Every month there seems to be another spending scandal emerging out of the Christie Administration, or some other level or branch of the State Government. Well, this one can’t be pinned on the governor (I think), but it is equally as scandalous and irresponsible. Today the Star-Ledger reported that the State is spending $125 million on the construction of a parallel roadway to the Garden State Parkway at the end of Cape May. The roadway is aimed at either replacing or supplementing the existing roadway, which is multi-lane but has three traffic lights.
I’m a frequent Shore visitor, and have been to Cape May County several times this summer. I’ve seen this construction and have driven on the present portion of the Garden State Parkway on many occasions, in light traffic and heavy, at all hours of the day and night. And if there was ever a piece of construction that was absolutely not necessary, it is this one.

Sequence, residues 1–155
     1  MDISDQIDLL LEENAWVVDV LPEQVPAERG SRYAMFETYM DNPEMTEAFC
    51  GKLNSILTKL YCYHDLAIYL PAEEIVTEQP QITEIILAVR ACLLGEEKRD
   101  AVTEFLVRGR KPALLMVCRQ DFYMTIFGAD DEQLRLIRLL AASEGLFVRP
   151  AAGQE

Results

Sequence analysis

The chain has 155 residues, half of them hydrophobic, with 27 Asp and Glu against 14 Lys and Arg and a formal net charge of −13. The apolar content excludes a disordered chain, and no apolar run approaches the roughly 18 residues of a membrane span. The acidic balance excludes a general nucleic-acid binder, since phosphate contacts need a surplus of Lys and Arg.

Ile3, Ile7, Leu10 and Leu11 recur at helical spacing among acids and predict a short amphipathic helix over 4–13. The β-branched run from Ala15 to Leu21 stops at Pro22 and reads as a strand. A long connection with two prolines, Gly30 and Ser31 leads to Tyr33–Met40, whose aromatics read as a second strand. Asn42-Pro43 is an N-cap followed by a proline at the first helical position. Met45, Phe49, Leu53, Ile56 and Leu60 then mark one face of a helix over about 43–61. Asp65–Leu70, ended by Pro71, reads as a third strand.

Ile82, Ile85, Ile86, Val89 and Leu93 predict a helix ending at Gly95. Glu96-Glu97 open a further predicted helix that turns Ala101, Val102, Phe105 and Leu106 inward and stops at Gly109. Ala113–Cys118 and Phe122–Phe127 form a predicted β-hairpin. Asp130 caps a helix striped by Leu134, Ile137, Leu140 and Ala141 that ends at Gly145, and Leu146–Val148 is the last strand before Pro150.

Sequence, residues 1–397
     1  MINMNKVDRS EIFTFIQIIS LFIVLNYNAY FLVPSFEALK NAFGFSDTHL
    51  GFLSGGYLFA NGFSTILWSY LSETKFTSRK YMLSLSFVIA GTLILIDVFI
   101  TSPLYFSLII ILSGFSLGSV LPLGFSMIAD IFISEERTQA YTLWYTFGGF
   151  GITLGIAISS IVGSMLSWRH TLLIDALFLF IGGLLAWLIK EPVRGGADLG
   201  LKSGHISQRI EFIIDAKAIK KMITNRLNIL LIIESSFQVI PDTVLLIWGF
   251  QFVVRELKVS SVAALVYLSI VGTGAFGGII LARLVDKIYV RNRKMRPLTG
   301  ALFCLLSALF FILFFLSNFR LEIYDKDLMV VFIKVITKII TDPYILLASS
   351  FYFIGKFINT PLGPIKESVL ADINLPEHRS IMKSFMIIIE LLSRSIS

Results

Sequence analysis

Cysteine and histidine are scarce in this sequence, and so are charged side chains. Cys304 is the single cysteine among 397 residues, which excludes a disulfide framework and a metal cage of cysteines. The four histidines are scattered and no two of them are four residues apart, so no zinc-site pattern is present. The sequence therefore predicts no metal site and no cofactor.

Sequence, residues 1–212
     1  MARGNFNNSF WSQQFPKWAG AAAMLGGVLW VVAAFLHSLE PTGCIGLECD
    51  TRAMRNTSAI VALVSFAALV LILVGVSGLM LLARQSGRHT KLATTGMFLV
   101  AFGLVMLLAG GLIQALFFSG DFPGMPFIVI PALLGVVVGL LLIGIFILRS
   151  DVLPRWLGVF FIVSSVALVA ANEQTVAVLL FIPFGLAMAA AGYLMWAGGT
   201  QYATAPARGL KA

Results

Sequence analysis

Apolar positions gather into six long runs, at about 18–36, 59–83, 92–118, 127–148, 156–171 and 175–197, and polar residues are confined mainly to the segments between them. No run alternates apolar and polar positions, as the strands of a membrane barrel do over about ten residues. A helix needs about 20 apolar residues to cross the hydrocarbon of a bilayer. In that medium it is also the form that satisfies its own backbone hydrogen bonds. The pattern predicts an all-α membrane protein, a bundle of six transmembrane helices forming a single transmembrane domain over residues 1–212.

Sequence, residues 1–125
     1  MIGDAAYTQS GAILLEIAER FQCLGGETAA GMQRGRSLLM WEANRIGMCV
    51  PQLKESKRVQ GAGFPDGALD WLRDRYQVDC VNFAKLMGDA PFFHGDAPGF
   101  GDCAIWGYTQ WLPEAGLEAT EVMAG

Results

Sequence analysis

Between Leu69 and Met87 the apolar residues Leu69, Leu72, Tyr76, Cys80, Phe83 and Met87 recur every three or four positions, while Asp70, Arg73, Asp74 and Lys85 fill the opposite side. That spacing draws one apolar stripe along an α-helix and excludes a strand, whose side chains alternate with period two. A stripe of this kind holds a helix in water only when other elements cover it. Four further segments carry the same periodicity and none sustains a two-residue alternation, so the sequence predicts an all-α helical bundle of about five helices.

In a time where our state’s infrastructure, from our school buildings to our existing roadways are fragmenting and deteriorating before our eyes, where the Hudson River audibly groans each morning under the weight of commuter traffic, where NJ Transit fares soar, this parallel roadway ought to provoke outrage. It’s a no brainer. It’s New Jersey’s equivalent of the Bridge to Nowhere, but worse, because there’s already a bridge, it just has some traffic lights.
I’m sure the Turnpike Authority, which runs the Garden State Parkway, can produce road studies and the like that would probably back up the notion that this parallel roadway is the modern-day counterpart to the cure for cancer, but this just laughable. It’s an embarrassingly wasteful, misdirected way to spend a titanic fortune of taxpayer funds.
Yes, I understand that perhaps these funds were already in possession of the Turnpike Authority, and that it may or may not have been also been raised through toll fares and the like. But that really doesn’t matter, because in the end it’s all the state’s money.
What am I calling for? Really, not much at this point except to express my sadness over this. I mean, we can’t tear it up; hell, it would probably cost as much money to demolish it as it did to build it – or even more. But it stands as a concrete (no pun intended) example of how completely mismanaged our state is in terms of its spending and infrastructure.